The largely rural county educates more than 11,000 students in its 11 districts.
San Benito High School District serves more than 3,000 students. Michael Patrick / Wikimedia Commons Public Domain
Writing back in 1881, in a 289-page book titled History of San Benito County, California—a history that extended back just seven years, the county having been founded in 1874—the uncredited author waxed enthusiastic about the public school in the Hollister (then, as now, the county seat).
“Hollister has as well-managed and progressive a public school as can be found in the state,” the author wrote (the book was credited only to its San Francisco publisher, Elliot & Moore). “A perfect system exists from the Primary to the principal’s department.”
The author went on to lavish praise on Miss Lula L. Moore, head of the Grammar department, for her “reputation of being the best disciplinarian that has ever taught in the school,” and noted that “the work that is being done by the teachers is entirely satisfactory,” concluding that Hollister was graced with “one of the best schools in the state.”
At the time, according to the History author, the single school had an enrollment of 261 pupils, 227 of whom were in attendance on an average day.
By 2020, the Hollister School District had 11 schools with an enrollment of 6,388 students, according to Education Data Partnership stats. And one of those schools—the Accelerated Achievement Academy—is among the 11th in the 2021 U.S. News and World Report rankings of California elementary schools. That rating was based on the performance of the school’s 199 students in grades four through eight on statewide tests, their graduation rate, and their preparation for high school.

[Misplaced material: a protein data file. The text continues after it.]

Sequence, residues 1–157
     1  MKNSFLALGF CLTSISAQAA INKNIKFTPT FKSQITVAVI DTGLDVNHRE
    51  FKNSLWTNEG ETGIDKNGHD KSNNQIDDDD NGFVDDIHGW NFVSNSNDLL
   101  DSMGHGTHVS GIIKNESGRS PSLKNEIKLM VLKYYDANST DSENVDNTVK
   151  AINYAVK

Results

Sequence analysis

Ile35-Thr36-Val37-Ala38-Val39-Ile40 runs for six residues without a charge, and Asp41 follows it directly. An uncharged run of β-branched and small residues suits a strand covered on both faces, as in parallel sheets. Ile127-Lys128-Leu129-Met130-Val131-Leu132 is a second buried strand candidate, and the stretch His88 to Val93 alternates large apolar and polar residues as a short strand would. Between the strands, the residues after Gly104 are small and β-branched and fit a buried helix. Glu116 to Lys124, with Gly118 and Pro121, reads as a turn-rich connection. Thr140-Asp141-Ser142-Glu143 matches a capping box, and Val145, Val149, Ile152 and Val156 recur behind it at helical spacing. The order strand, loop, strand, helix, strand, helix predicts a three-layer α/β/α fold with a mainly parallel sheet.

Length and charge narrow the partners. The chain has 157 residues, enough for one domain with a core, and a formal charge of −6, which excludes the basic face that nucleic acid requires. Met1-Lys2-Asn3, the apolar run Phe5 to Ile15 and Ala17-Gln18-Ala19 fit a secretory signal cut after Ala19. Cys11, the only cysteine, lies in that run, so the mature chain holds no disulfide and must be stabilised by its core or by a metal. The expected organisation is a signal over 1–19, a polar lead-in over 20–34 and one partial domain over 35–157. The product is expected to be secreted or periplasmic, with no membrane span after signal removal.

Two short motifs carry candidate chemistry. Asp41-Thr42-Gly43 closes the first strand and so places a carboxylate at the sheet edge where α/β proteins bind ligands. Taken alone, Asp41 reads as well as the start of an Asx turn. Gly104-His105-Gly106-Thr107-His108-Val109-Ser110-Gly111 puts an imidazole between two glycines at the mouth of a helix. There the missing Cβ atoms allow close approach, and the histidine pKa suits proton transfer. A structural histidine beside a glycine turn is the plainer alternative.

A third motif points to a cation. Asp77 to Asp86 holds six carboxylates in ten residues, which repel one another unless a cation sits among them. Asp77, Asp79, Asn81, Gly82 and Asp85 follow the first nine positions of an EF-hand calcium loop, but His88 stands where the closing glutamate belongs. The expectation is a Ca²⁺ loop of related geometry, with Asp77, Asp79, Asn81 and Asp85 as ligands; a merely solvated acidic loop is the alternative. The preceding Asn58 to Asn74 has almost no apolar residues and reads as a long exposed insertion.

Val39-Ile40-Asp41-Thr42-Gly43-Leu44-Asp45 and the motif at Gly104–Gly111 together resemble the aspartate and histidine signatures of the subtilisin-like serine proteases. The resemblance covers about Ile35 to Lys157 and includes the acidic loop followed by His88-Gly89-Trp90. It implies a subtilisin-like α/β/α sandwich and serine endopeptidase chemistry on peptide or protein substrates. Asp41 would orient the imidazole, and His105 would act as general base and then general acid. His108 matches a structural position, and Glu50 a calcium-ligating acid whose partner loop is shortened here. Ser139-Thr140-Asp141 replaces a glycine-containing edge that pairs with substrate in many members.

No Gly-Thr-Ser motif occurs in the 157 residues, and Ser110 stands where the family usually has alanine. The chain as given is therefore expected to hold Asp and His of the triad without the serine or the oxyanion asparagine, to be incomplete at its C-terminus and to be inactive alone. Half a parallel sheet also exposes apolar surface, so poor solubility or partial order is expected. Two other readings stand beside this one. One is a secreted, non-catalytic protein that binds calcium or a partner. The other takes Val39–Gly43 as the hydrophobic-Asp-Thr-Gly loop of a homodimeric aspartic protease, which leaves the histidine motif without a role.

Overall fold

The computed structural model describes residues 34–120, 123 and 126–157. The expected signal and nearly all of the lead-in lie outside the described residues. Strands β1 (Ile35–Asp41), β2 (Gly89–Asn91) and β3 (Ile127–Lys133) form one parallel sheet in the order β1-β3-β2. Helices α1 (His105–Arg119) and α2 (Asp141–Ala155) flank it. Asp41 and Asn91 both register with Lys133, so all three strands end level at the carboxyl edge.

The site Public School Review also placed Accelerated Achievement Academy in the top 1 percent of elementary schools nationwide, based on similar criteria, giving a rating of “10” on a scale of one through 10.
Among the 10 other school districts serving San Benito County’s approximately 11,500 public school students are some of the state’s smallest school districts. There’s Cienega Union Elementary, with just 29 students, and Bitterwater-Tully Elementary—a remotely located school about an hour outside of Hollister—with 34. But those districts are titans compared to California’s two smallest school districts, both in San Benito County. One of those is Panoche Elementary, about an hour’s drive southwest of Hollister in the tiny, unincorporated community of Paicines, with seven students. And then there's Jefferson Elementary, about 45 minutes southeast of Hollister, with just six students enrolled for the 2020-2021 school year.
On the other end of the spectrum, San Benito High School District has 3,350 students between its two schools. In addition to San Benito High, the Hollister-based district also includes San Andreas Continuation High, with 64 students. A continuation high school, as described by the state department of education, “is an alternative high school diploma program … for students who are 16 years of age or older, have not graduated from high school, are still required to attend school, and who are at risk of not graduating.” That includes students who have fallen behind in their credits, or simply need a flexible school schedule due to the need to hold a job, or family obligations.
At least through 2022, all 11 districts come under the supervision of county Office of Education Superintendent Krystal Lomanto, who was first elected to the job in 2014, then reelected in 2018. Like all but five of California’s counties, San Benito votes for its superintendent. Lomanto is a Hollister native who graduated from San Benito High and later served as the school’s principal before running for the county’s top education post.
Though typically the superintendent’s job focuses on securing federal and local funding for county schools, like superintendents throughout the state and the country, Lomanto was faced with the significant challenge of keeping the county educational system running throughout the COVID-19 pandemic.
In a rural county, however, San Benito faced obstacles different from those in more densely populated urban and suburban regions. As schools shifted to online-based “distance learning,” the depth of the county’s “digital divide” was painfully exposed. Not only were families of some students unable to afford quality internet connectivity, swaths of county territory were not connected to an online service provider at all.
“It is a huge social injustice,” Lomanto told the student-journalism site Reynolds Sandbox. “Every student should have connectivity. It should be a right, it shouldn’t be a privilege. And so distance learning really opened up that can of worms and realized that, wow, we have a huge gap.”
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